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Dividend stocks can be the foundation of a great retirement portfolio. Dividend payments not only put money in your pocket, which can help hedge against any downward moves in the stock market, but they're usually a sign of a financially sound company. Dividends also give investors a painless opportunity to reinvest in a stock, thus boosting future payouts and compounding gains over time.

Yet not all income stocks live up to their full potential. By utilizing the payout ratio, or the percentage of profits a company returns in the form of a dividend to its shareholders, we can get a good read on whether a company has room to increase its dividend. Ideally, we like to see healthy payout ratios between 50% and 75%. Here are three income stocks with payout ratios currently below 50% that could potentially double their dividends.

CVS Health (CVS -0.62%)
This week, I figured we'd start off with a megacap stock that could very well boost its shareholder return by leaps and bounds over the coming five to 10 years: CVS Health.

There are two primary factors that have aided CVS's ascent and have the pharmacy and health products retailer growing its top line by roughly 10% per year. First, we have the Patient Protection and Affordable Care Act, which you'll know best as Obamacare. Since Obamacare became the law of the land, more than 23 million people who didn't have health insurance now have insurance. For CVS's pharmacy segment, this means more opportunity to fill higher-margin prescriptions.

Image source: CVS. 

The other factor here is the Walgreen Boots Alliance (WBA -0.06%) and Rite Aid (RAD 5.56%) merger. Some view the combination of the two as a potential problem from CVS since together, they'll have a larger chunk of pharmacy market share. However, I see this as a net benefit for CVS. Rite Aid has been a mess since its purchase of Eckerd, and asking Walgreen Boots Alliance to integrate Rite Aid's stagnant brand and $7.1 billion in net debt without any issues is, in my book, impossible. I believe the next couple of years could allow CVS to further separate itself from its peers.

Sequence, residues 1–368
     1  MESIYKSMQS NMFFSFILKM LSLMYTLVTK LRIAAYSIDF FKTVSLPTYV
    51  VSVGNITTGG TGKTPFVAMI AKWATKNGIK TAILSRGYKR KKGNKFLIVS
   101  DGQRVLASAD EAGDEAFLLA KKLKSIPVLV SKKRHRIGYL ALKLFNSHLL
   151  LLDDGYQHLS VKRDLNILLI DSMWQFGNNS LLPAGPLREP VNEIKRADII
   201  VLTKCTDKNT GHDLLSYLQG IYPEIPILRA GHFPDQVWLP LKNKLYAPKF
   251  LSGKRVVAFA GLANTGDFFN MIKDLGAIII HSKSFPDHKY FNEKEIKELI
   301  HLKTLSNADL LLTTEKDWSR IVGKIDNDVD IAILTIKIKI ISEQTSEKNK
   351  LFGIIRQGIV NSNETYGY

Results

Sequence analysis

It's probably also worth mentioning that CVS Health's dominant pharmacy market share and its efforts to push certain vice products out of its stores, such as tobacco products, make it appear even more attractive.

Currently paying out $1.70 on an annual basis, I believe it's within reason to expect CVS Health could raise its payout to $3.40 or more annually within the next decade. Wall Street is forecasting full-year EPS growth from $4.51 in fiscal 2014 to $7.43 by 2018, implying that CVS probably has dividend-raising potential in its future.

Marten Transport (MRTN -3.52%)
From a $107 billion company to one being valued just $550 million by Wall Street and investors, I'd suggest income seekers also consider taking a closer look at trucking company Marten Transport.

Image source: Marten Transport. 

Marten is one the larger providers of temperature-sensitive trucking in the U.S., meaning it's primarily a provider of food and other packaged consumer products. The reason Marten and much of the trucking sector have struggled can be tied back to the drop in oil prices. Sounds like a head-scratcher, right? You'd think lower oil prices would yield lower fuel prices, and thus lower expenses for trucking companies. Although this is true, it also lowers their ability to charge for fuel. Fuel surcharges for Marten were down nearly 50% in the fourth quarter from the prior-year period. These are high-margin charges that trucking companies are seeing reduced in a big way.